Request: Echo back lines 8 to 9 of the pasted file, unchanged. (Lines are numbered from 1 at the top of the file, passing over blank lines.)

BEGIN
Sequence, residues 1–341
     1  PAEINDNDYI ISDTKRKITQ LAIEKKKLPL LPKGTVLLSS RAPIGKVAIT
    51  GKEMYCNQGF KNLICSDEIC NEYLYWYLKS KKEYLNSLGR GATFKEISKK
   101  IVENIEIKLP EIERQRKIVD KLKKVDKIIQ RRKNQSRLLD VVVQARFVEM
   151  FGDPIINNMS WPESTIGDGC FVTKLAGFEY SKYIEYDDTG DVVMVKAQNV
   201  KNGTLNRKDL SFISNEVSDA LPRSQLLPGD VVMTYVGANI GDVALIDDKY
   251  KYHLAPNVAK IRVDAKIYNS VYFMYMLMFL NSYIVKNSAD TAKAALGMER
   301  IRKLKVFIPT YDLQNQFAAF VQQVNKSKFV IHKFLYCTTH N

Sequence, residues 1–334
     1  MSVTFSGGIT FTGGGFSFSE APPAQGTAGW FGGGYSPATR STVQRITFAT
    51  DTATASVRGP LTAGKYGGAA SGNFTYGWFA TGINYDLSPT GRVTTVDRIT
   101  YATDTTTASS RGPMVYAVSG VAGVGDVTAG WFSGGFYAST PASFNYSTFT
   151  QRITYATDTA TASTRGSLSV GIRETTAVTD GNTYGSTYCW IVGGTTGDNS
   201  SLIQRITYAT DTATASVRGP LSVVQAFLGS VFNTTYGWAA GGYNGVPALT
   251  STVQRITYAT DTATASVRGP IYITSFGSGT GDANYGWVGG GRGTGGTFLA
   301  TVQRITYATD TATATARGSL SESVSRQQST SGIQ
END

   301  IRKLKVFIPT YDLQNQFAAF VQQVNKSKFV IHKFLYCTTH N

Sequence, residues 1–334